“A Vaccine for All”, a worldwide campaign for global access to vaccines against Covid-19, kicked off today at 13.00 Italian time, along with a symbolic action to provide medical care and vaccinations to people living in the Brazilian Amazon Region.

The campaign is being promoted by an international network of more than 40 organisations  from different countries with different cultures and religions.

“The possibility to be vaccinated should not be limited to a privileged few; it is every person’s right. So we are working both at political and community level to guarantee this right to every person.” Conleth Burns, a 23-year-old law graduate from Northern Ireland declared this during a press conference, which marked the opening of this campaign. Klara Piedade, a young law graduate from the State of Parà in Brazil stated that the date for the official launching of this campaign has not been chosen at random: it was planned to be on the eve of the G-20 World Summit. Piedade was representing the Youth for a United World, young people of the Focolare Movement, who started promoting this campaign during this year’s edition of United World Week, an event that focused mainly on the concept and practice of “care” in all spheres: political, environmental, social and economical. “As a Brazilian I can say that the pandemic situation, that hit indigenous and riverine populations, is much worse than official figures show. The people who live in these areas are forgotten by society; they live far from urban and care centres, and today they are hit not only by a health crisis, but they also by social, economical and environmental problems. Through this campaign, we are proposing an online donation to support and show care to the inhabitants of this region, who live on the banks of the Amazon and have no access to social and health care”. Mario Bruno, an Italian, who is the international president of the Political Movement for Unity, a promoter of the campaign together with the Focolare Youth for a United World, clarified that this campaign started precisely on the eve of the day when the international community would make known its orientation towards a solution: would it be suspension of patents or would it be sharing of them, with a sort of ‘patent pool’ through which pharmaceutical companies decide to share licences for their productions in poorer countries. “We ask for agreements to be reached with pharmaceutical companies whereby affordable prices are established for the poorest countries. We appeal to governments to be urged by the desire of universal brotherhood and not by new forms of colonialism, and to be ready to provide the vaccine funds needed for the poorest countries as well”.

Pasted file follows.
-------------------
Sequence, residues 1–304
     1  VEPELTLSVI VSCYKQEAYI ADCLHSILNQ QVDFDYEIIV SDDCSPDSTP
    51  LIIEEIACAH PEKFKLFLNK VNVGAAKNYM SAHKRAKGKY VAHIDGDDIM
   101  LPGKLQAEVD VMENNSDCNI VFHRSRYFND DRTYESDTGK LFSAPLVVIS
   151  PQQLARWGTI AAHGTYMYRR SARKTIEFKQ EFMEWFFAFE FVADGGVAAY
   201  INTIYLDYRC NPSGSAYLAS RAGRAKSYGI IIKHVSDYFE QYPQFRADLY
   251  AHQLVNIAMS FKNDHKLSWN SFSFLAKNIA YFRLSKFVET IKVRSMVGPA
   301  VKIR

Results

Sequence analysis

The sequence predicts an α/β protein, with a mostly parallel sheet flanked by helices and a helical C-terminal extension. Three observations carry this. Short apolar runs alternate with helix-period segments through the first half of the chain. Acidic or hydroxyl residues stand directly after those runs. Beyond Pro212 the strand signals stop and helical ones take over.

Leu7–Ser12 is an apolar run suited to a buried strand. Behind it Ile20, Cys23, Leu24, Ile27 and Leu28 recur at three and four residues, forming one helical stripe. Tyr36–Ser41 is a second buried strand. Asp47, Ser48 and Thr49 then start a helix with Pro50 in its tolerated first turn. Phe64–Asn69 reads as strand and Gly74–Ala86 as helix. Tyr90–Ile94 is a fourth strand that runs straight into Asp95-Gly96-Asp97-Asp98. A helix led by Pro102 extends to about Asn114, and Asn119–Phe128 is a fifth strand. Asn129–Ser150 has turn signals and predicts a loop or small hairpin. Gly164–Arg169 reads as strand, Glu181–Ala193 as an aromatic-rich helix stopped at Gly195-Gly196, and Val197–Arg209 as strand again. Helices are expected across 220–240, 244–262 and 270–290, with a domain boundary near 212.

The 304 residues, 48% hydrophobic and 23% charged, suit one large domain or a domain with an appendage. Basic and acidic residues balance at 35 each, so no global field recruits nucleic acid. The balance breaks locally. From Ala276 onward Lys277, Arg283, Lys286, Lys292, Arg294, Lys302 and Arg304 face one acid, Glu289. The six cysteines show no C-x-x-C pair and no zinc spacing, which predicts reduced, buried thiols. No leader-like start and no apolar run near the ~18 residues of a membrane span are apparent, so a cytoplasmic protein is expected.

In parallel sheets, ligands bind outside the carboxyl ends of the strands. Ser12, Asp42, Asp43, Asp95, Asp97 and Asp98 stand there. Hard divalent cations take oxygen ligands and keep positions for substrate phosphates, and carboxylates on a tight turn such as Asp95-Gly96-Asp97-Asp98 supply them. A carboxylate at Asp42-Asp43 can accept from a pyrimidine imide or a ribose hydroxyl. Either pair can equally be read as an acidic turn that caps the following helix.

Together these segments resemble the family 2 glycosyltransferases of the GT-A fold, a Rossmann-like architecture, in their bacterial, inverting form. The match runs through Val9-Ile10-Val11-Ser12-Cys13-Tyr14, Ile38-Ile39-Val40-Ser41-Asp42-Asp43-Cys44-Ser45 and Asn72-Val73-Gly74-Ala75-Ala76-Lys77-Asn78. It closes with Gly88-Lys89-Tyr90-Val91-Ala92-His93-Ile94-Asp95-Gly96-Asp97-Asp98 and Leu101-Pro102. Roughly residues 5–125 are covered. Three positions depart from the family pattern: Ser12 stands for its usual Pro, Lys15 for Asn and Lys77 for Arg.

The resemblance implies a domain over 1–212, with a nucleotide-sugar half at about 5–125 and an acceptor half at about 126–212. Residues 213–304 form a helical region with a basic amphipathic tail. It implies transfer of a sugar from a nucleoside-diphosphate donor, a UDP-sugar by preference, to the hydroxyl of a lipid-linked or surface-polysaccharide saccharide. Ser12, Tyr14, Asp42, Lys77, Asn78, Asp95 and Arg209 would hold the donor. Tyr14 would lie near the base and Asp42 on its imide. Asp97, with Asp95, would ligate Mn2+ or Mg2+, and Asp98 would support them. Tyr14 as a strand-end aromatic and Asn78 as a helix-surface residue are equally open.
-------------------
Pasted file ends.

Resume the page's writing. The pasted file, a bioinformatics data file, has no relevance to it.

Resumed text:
Alongside this global mobilisation, a health campaign is also being launched in the Amazon region of Pará (Brazil) to support the “Pope Francis Hospital Boat” project. Operating since 2019, this project seeks to provide the care needed by the “ribeirinhos”, the populations who live along the River Amazon, far away from any healthcare centres.

Edson Galego, a Brazilian nurse who lives at Obidos in the lower Amazon and works directly on the project said: “Since September 2019, the Pope Francis Hospital Boat has reached more 700,000 inhabitants in the Amazon region, thanks to the commitment of many volunteers and economic aid, and this is still not enough. At the moment vaccines are urgently needed, but the state is seeing mainly to those who live in urban centres. The situation has now become worse: it is the heavy rain season; the water level rises and because of floods the communities cannot go fishing or sail to cities where they can buy food, medicines and other basic needs. We believe that only a worldwide network can sustain us in our goal of universal brotherhood and  embrace together this part of humanity, that suffers and is excluded”.